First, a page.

Jones returned the five medals she won in those games, including gold medals in the 100-meter and 200-meter races, and the 4 x 400-meter relay. Jones had also nabbed bronze medals for long jump and the 4 x 100-meter relay. All of Jones’ race results after Sept. 1, 2000, were expunged, and she was given a two-year ban.

In 2010, the Court of Arbitration for Sport ruled that Jones’ relay teammates could keep their medals, based on rules in place at the time of competition.

Russian team, 2012, 2014 & 2016

Russian athletes have been dogged by doping suspicions at several Olympic Games, but these allegations were made worse by recent evidence of pervasive and persistent doping schemes, reported the New York Times. This includes the revelation of a sample-swapping system to protect cheating athletes, in an effort to boost Russia’s medal count when the country hosted the 2014 Winter Olympics in Sochi. 

Based on a report from the World Anti-Doping Agency, the International Olympic Committee said, “all Russian athletes … are considered to be affected by a system subverting and manipulating the anti-doping system.” Yet, the organization left it to the governing bodies of each sport to determine the eligibility of individual athletes. As a result, 271 of 389 Russian athletes were cleared for competition at the 2016 Summer Olympics in Brazil, reported CNN.

The International Paralympic Committee banned the entire Russian Federation from competing at the Rio Paralympics.

Ben Johnson (Canada), 1988

Three days after sprinting to glory in the 100-meter final at the 1988 Summer Olympics in Seoul, Korea, Canadian track star Ben Johnson was disqualified for a positive test for the steroid stanozolol. Johnson had set a new world record time of 9.79 seconds in the race. When the positive drug test was revealed, Johnson denied any wrongdoing, but later admitted to using a different steroid, furazabol, while training for the Olympics.

Johnson’s records were removed and the gold medal was awarded to American Carl Lewis instead. In 1993, Johnson failed a second drug test, which turned up an elevated testosterone-to-epitestosterone ratio, and the International Amateur Athletic Federation, the governing body of Track and Field, banned him for life.

Andreea Raducan (Romania), 2000

Romanian gymnast Andreea Raducan was disqualified and stripped of the gold medal she won in the all-round gymnastics competition at the 2000 Summer Olympics in Sydney, after she tested positive for pseudoephedrine. The drug, a stimulant that is the active ingredient in medicines such as Sudafed, was banned by the International Olympic Committee but not the International Gymnastics Federation.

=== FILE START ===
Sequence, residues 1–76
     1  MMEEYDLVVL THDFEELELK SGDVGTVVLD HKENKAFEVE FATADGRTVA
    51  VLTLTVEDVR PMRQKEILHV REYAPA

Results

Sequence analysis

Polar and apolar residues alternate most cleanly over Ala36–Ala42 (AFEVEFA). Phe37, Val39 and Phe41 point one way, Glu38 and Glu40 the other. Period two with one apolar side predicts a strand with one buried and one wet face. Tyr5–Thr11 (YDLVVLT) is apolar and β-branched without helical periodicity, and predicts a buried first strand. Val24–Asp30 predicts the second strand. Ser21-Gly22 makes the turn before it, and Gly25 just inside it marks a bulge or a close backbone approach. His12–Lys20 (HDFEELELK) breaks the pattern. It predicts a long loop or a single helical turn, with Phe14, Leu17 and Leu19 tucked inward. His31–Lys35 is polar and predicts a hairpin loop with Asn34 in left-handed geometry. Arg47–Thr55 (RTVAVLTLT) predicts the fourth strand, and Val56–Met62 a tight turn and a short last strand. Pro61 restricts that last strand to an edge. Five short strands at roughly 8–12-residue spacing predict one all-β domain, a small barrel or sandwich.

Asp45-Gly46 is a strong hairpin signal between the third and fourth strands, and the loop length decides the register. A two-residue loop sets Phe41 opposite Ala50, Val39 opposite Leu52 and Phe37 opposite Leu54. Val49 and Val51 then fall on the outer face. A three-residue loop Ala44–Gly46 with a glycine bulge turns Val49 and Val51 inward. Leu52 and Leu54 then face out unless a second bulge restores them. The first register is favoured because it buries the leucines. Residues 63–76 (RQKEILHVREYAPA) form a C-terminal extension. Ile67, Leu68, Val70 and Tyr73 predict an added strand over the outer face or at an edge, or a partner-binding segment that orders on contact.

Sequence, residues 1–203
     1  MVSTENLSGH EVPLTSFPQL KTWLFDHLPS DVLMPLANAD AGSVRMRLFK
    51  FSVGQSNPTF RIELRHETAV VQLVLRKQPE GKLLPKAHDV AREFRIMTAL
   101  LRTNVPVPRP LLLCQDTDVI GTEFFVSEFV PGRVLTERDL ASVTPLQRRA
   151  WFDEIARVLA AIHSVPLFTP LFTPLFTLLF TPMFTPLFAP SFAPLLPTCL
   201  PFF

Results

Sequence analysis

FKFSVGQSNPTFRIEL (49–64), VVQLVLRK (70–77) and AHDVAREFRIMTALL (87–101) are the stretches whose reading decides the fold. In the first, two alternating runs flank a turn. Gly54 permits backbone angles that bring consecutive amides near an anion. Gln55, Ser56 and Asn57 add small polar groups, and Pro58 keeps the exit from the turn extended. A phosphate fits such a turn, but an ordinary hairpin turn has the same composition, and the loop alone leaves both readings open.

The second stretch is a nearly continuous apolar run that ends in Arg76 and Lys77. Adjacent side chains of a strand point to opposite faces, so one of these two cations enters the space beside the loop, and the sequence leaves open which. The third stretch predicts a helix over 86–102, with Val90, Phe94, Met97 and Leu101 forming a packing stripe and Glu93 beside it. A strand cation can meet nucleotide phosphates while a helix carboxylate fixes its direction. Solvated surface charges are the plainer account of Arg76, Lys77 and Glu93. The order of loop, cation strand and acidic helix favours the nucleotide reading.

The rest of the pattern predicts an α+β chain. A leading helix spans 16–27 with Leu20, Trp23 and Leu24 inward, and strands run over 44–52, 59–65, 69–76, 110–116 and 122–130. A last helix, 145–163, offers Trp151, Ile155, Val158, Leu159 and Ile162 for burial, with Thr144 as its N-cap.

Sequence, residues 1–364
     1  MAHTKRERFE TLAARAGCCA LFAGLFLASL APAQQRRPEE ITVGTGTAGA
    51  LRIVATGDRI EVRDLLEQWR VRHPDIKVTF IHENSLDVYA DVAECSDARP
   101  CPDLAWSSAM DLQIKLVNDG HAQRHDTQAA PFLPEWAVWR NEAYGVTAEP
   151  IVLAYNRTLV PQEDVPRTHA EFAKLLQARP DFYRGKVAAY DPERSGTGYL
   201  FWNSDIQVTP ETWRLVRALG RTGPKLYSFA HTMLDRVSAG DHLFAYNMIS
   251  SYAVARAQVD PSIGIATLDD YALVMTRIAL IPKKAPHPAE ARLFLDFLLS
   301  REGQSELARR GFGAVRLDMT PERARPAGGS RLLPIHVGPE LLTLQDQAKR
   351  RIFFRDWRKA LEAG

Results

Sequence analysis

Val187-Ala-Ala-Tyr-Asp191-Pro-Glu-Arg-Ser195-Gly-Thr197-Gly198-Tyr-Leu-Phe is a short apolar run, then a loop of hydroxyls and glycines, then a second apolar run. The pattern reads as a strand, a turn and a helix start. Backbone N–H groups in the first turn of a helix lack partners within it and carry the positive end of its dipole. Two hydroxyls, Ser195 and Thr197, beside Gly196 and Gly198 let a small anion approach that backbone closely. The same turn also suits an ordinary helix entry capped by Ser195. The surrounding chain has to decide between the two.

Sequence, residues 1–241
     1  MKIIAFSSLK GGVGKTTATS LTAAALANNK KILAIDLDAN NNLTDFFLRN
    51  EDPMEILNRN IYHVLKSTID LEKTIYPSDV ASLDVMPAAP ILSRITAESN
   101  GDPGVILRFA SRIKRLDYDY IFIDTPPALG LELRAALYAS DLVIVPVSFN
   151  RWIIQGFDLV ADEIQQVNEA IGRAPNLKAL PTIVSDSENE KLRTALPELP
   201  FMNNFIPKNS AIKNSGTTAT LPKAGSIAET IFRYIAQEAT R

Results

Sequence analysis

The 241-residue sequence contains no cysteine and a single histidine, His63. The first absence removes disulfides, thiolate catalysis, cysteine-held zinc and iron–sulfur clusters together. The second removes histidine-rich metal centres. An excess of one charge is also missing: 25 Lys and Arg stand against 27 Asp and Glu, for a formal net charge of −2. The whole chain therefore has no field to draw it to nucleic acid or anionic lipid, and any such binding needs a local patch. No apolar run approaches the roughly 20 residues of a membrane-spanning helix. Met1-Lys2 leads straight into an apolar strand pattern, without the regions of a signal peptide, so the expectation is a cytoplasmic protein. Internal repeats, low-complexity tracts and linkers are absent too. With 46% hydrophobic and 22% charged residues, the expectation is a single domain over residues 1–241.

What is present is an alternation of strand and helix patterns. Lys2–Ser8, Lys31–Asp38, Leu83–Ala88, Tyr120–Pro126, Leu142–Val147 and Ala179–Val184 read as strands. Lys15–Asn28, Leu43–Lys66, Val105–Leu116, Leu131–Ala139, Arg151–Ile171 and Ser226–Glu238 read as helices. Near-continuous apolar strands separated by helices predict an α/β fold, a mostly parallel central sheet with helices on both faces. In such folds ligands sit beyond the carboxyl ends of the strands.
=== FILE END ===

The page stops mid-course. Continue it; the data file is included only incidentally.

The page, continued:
Raducan, then 16, received the pseudoephedrine in cold medication from a team doctor, who was subsequently suspended for the next two Olympic games.

Earlier, Raducan had won gold in team gymnastics and a silver in the vault. She tested negative following those events and was allowed to keep the medals. In 2015, Raducan appealed the status of her all-around gymnastics gold medal to International Olympic Committee president Thomas Bach in person, but the result was not reinstated.

Tyson Gay (USA), 2012

American sprinter Tyson Gay was part of the silver-medal-winning 4 x 100–meter relay team at the 2012 Summer Olympics in London. But the next year, Gay failed three drug tests in rapid succession, prompting the erasure of results dating back to the London games. Gay, then 31, immediately dropped out of competition, returned his medal and cooperated with U. S. Anti-Doping Agency investigators. He served only a one-year suspension.

In 2015, the International Olympic Committee stripped Gay’s relay teammates of their medals.

Ross Rebagliati (Canada), 1998

Photos Courtesy Ross Rebagliati

At the 1998 Winter Olympics in Nagano, Canadian snowboarder Ross Rebagliati won a gold medal in giant slalom. Rebagliati subsequently tested positive for marijuana, after which a series of Olympic boards voted to strip him of the medal. The ruling was unusual, because cannabis was not on the International Olympic Committee’s list of banned substances at the time (it was added a couple of months after the games concluded), and it is not generally considered to be a performance-enhancing drug. An appeal to the Court of Arbitration for Sport was quickly rewarded, and Rebagliati was able to keep his medal.

Rebagliati is now the face of a marijuana dispensary branding company.

Johann Muhlegg (Spain), 2002

Johann Mühlegg had to give up three gold medals won at the 2002 Salt Lake City Games

Cross-country skier Johann Muhlegg competed for his native Germany in three Olympics prior to representing Spain in the 2002 Winter Olympics in Salt Lake City. Muhlegg won gold in the 30-kilometer and 50-kilometer races, and the 10-kilometer pursuit, but after a positive test for darbepoetin, a then-new prescription drug that promotes red blood cell production, he was disqualified from the 50-kilometer race.

Other tests conducted throughout the competitions had been inconclusive, but Muhlegg was eventually stripped of his other medals as well.

By Greg Uyeno